Sandra Appiah March 03, 2011

 Countless slaves were shipped to the New World from this West African state during the 18th and 19th centuries. After independence from France in 1960, the country—then called Dahomey—was plagued by many coups; in 1975 a Marxist military government renamed the nation Benin. About 42 African ethnic groups live in Benin, with most people living in the south. In 1989 the government renounced Marxism—since then it has held numerous free elections. The agricultural economy is based largely on cotton.


Fast Facts

Population: 8,439,000
Capital: Porto-Novo; 238,000
Area: 112,622 square kilometers (43,484 square miles)
Language: French, Fon, Yoruba, tribal langauges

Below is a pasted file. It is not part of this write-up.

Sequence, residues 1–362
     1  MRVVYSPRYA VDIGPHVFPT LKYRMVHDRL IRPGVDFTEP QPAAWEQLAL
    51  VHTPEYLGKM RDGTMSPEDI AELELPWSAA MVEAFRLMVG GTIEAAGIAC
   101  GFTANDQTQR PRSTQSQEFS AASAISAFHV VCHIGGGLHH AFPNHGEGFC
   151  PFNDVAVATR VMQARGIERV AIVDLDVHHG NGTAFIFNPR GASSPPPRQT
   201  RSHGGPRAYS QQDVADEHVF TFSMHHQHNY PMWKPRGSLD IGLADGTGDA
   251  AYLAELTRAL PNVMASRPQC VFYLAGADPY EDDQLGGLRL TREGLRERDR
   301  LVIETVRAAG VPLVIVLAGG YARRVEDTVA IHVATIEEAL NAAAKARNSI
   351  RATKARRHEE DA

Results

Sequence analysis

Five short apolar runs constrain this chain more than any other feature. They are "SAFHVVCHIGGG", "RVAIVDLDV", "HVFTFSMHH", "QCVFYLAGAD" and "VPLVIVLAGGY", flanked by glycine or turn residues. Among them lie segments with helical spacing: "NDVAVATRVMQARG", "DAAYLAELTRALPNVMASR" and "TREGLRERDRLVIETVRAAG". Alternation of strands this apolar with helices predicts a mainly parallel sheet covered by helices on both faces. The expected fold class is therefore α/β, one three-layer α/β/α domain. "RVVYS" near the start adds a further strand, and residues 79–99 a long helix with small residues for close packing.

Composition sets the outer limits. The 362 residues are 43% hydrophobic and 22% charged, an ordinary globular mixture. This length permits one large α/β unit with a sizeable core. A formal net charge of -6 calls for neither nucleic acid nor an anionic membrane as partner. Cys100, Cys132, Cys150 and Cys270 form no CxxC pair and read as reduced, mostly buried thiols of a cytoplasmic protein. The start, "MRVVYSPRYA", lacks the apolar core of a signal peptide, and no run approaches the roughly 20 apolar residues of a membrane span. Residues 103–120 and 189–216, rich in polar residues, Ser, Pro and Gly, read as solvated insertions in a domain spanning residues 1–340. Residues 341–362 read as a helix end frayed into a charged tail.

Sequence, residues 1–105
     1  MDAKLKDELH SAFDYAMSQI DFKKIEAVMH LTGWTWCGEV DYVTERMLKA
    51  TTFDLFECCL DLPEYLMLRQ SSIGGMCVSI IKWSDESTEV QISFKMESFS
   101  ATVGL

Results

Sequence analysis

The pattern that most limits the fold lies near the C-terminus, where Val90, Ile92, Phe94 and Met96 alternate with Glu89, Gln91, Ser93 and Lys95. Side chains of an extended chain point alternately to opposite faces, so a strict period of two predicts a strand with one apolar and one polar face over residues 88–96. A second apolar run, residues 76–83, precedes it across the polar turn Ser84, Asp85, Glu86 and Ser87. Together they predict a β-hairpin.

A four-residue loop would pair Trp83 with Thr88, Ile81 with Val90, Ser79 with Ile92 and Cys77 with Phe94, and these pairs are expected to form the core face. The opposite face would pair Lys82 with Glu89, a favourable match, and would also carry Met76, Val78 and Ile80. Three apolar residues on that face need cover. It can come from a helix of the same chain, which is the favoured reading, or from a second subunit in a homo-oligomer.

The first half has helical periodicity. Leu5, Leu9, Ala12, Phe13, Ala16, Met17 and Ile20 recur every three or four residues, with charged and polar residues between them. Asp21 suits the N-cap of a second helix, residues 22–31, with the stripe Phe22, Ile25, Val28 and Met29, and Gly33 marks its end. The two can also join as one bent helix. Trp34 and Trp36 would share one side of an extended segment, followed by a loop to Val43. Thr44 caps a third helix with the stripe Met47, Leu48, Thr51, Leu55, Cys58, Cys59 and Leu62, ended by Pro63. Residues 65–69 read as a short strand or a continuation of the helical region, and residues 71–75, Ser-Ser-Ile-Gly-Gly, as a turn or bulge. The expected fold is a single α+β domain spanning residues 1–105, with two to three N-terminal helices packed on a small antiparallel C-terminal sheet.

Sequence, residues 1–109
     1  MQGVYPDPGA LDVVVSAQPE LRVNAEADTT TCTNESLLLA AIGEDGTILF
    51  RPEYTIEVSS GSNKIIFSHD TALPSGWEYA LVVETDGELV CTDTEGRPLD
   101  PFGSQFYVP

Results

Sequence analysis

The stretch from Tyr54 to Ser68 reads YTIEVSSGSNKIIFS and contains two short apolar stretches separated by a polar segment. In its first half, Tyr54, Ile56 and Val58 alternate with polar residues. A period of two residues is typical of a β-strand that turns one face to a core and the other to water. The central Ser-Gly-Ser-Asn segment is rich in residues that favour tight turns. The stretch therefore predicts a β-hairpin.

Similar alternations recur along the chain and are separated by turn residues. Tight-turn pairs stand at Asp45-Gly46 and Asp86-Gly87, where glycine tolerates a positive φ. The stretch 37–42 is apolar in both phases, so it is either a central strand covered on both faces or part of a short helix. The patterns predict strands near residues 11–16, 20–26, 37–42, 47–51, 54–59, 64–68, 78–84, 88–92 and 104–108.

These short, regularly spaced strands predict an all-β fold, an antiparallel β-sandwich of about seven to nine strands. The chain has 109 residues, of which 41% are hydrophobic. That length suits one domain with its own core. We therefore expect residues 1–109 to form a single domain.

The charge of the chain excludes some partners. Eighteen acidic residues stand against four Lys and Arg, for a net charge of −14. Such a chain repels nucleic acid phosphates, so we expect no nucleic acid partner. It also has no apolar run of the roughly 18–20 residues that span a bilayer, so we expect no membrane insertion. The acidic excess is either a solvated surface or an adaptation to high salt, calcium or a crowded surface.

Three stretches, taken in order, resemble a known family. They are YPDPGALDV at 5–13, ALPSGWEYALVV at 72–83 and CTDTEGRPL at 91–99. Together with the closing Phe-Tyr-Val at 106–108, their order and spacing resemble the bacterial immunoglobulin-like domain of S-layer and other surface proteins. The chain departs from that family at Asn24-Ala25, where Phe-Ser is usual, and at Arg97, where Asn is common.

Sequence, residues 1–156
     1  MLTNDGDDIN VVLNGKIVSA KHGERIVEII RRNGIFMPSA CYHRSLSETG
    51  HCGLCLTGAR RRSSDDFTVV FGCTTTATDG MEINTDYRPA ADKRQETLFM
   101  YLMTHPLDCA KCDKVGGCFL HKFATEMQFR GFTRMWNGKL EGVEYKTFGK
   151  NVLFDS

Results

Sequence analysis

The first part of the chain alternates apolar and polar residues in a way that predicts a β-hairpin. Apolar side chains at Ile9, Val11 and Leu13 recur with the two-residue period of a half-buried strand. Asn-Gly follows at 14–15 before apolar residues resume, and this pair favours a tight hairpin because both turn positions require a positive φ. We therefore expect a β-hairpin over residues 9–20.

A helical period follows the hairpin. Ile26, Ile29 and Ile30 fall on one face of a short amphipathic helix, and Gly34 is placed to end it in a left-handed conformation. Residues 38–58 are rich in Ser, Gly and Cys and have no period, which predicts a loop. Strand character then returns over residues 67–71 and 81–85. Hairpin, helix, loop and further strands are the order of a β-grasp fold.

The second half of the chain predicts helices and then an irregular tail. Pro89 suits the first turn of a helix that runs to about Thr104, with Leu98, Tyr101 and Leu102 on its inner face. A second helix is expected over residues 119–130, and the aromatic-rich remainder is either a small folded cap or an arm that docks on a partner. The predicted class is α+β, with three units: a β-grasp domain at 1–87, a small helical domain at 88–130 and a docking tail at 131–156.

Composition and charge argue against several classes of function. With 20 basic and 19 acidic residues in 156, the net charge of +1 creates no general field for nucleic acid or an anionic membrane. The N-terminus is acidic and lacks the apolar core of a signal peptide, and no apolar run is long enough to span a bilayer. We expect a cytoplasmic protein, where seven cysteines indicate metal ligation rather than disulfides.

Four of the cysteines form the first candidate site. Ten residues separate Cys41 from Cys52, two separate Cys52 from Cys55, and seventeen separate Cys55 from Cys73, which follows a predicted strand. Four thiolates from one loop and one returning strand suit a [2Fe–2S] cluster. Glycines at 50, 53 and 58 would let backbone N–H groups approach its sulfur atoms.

Religion: Indigenous beliefs, Christian, Muslim
Currency: CFA franc
Life Expectancy: 51
GDP per Capita: U.S. $1,100
Literacy Percent: 41


Industry: Textiles, food processing, chemical production, construction materials
Agriculture: Cotton, corn, cassava (tapioca), yams; livestock
Exports: Cotton, crude oil, palm products, cacao

Source: The National Geographic
CIA- The World Factbook

Last Edited by: Updated: February 25, 2014


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